What financial institutions need to know about the Financial CHOICE Act

Dodd-Frank is one step closer to getting repealed — but there’s still a ways to go. Financial regulatory reform is making its way through Washington. The House has passed the Financial CHOICE Act and the bill will now makes its way to the Senate. There are a few things every financial institution needs to monitor closely, including how the reforms will be legislated, and which reforms will be prioritized.

How the reforms will be legislated: Two paths to reforms

The Financial CHOICE Act

Repealing Dodd-Frank and replacing it with CHOICE will require 60 votes in the Senate

In May, the House Financial Services Committee passed the Financial CHOICE (Creating Hope and Opportunity for Investors, Consumers and Entrepreneurs) Act, H.R. 10, nicknamed “Financial CHOICE 2.0”. The first version of the Financial CHOICE Act was introduced last year by House Financial Services Committee Chairman Jeb Hensarling, R-TX.  It’s since been revised and has now cleared committee.

While it may still be a work in progress, this latest version of the Act is the clearest indication yet of what the Republican leadership hopes to reform about U.S. financial regulation. It’s important that financial institutions familiarize themselves with the revisions being proposed if they hope to have any input in drafting the language that may soon replace large portions of the Dodd-Frank Act.

Repealing Dodd-Frank and replacing it with CHOICE will require 60 votes in the Senate. That may be a difficult path. The vote in the committee indicates that the proposed changes do not currently enjoy bi-partisan support. (In 2010, Dodd-Frank passed with only two Republican supporters in the Senate.) If party lines remain as intransigent as they have been to date on financial reform, the bill may face difficulty progressing through Congress. However, there may be an easier path to reform.

The Congressional Review Act

Many regulations associated with Dodd-Frank have never been officially submitted to Congress

The Congressional Review Act was signed into law by President Bill Clinton on March 29, 1996. The law empowers Congress to overrule new federal regulations issued by government agencies by a vote of a simple majority. Congress has 60 legislative days to disapprove of any given rule by simple majority vote; otherwise, the rule will go into effect.

Some point out that many regulations associated with Dodd-Frank have never been officially submitted to Congress, which is not uncommon with complex legislation. Some legal scholars suggest this may allow Congress to overrule the regulations supporting Dodd-Frank even though those rules were enacted seven years ago. This unusual approach will undoubtedly be controversial, but avoids the ordinary 60-vote cloture requirement.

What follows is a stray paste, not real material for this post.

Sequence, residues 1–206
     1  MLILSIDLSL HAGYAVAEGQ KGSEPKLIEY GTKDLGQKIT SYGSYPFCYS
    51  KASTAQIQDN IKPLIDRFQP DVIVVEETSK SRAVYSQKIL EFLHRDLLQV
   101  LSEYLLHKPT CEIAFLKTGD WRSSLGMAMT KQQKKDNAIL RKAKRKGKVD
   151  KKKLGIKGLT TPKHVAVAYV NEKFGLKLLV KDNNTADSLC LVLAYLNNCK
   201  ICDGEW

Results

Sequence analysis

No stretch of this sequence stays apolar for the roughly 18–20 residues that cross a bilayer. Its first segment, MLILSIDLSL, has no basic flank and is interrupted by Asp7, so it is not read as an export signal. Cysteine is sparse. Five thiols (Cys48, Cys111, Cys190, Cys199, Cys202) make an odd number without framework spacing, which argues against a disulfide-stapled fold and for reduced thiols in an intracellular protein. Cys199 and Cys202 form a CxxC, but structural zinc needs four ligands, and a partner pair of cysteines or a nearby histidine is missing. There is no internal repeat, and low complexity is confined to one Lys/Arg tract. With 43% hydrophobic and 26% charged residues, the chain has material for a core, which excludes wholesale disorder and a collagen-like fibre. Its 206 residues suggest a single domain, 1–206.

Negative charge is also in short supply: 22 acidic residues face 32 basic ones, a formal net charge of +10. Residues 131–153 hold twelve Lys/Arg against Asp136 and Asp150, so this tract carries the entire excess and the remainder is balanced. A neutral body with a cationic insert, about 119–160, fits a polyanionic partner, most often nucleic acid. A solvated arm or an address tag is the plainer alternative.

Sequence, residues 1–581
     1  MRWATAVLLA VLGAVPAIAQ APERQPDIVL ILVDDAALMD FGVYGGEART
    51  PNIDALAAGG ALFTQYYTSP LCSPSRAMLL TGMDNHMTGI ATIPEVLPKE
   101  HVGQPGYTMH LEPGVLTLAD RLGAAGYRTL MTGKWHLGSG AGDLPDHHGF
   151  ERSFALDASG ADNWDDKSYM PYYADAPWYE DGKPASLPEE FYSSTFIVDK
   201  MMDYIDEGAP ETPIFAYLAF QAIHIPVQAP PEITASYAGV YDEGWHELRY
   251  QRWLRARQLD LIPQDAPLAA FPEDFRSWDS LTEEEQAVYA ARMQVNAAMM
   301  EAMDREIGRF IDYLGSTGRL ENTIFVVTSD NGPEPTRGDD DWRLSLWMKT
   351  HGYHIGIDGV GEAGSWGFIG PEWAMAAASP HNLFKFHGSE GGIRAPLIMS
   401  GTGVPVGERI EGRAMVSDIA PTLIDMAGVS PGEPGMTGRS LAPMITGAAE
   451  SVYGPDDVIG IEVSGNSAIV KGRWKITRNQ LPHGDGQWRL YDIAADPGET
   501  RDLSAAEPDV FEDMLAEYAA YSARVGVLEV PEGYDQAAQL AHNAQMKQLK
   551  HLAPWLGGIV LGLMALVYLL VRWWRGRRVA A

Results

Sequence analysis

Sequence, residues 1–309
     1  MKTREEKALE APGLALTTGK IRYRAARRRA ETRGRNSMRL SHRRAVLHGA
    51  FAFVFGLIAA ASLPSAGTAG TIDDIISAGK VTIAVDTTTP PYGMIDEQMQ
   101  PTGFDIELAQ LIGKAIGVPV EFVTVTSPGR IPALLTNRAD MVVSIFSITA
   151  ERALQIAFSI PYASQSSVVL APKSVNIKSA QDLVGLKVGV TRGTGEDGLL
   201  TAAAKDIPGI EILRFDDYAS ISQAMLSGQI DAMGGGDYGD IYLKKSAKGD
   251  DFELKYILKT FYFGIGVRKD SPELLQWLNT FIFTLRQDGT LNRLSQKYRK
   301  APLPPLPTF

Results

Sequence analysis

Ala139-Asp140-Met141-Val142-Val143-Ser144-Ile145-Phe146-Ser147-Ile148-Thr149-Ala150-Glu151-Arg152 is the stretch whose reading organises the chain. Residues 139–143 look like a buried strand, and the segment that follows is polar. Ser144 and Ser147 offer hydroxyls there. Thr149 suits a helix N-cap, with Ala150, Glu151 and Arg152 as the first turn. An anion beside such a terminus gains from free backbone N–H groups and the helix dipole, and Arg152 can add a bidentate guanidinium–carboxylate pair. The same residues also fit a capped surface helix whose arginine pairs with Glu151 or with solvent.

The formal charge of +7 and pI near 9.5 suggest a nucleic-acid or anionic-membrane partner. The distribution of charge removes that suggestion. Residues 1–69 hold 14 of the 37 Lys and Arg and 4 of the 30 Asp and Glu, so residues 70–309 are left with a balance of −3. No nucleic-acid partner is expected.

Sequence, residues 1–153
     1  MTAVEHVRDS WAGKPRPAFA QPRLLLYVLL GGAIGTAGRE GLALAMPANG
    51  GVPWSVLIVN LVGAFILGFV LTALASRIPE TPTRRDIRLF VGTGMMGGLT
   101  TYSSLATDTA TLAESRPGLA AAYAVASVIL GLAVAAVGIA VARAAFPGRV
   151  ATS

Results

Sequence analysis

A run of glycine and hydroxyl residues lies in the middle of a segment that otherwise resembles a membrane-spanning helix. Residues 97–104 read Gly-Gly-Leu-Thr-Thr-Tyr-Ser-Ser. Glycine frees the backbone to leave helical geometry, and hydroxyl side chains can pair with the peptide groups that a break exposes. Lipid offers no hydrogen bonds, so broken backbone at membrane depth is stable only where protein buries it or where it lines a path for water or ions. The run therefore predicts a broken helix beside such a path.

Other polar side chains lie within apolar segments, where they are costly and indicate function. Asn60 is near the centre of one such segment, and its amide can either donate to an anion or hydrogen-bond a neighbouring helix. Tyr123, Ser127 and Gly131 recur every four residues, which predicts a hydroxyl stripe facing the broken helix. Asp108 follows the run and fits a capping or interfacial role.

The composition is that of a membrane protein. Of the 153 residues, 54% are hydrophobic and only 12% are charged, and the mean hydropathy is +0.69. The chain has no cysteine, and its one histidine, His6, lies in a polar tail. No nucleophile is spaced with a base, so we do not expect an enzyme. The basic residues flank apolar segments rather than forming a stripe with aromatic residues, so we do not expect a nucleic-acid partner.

Which Dodd-Frank reforms will be prioritized?

The principle changes to Dodd-Frank proposed by the Financial CHOICE Act are:

  • Modifications to the jurisdiction and structure of the Consumer Financial Protection Bureau
  • Repeal of the Volcker Rule
  • Elimination of the Financial Stability Oversight Council’s authority to designate nonbank financial companies as systemically important financial institutions (SIFIs)
  • Elimination of Dodd-Frank’s orderly liquidation authority (living wills)

Rep. Hensarling has agreed to remove the repeal of the Durbin Amendment (which limits debit card interchange fees) from the CHOICE Act. This last-minute development means that banks with $10 billion or more in assets will have caps placed on the fees they receive from debit card transactions, as originally proposed in Dodd-Frank.

Beyond Dodd-Frank

Regulatory off-ramp

Institutions meeting the high capital requirement would also be fully exempt from stress tests

The CHOICE Act does more than just repeal and modify Dodd-Frank. The most impactful provision is a new approach to supervisory oversight. Banks that maintained a 10% leverage capital ratio would qualify for an “opting out” of traditional oversight – called the regulatory off-ramp. If the institution maintained such a high capital level they would be exempt from the traditional supervisory rating system to classify a bank’s overall condition.

The so-called ‘CAMELS’ rating system is used by all supervisory regulators – it stands for the acronym measuring the adequacy of Capital, Assets, Management Capacity, Earnings, Liquidity and Sensitivity to market risk. Institutions meeting the high capital requirement would also be fully exempt from stress tests. This would be quite a material benefit for institutions to maintain the requisite 10% leverage.

Fiduciary Rule

The second critical addition to the Act is the repeal of the Department of Labor’s (DOL) Fiduciary Rule that requires purveyors of financial advice to retirement accounts to put the beneficiaries’ interests first. Postponed earlier this year, the CHOICE Act would eliminate the Fiduciary Rule entirely reinstating the traditional “suitability” rule.

CHOICE’s long road ahead

With the Administration focused health care and tax reform, it’s unlikely that meaningful financial reform will be enacted in the coming year, but drafting and negotiation will be ongoing. Now is the time for interested parties to begin weighing in with regulators and legislators.

About Michael O'Connell

Michael O’Connell is the Financial Institutions Group Practice Leader for Willis Towers Watson North America.  I…
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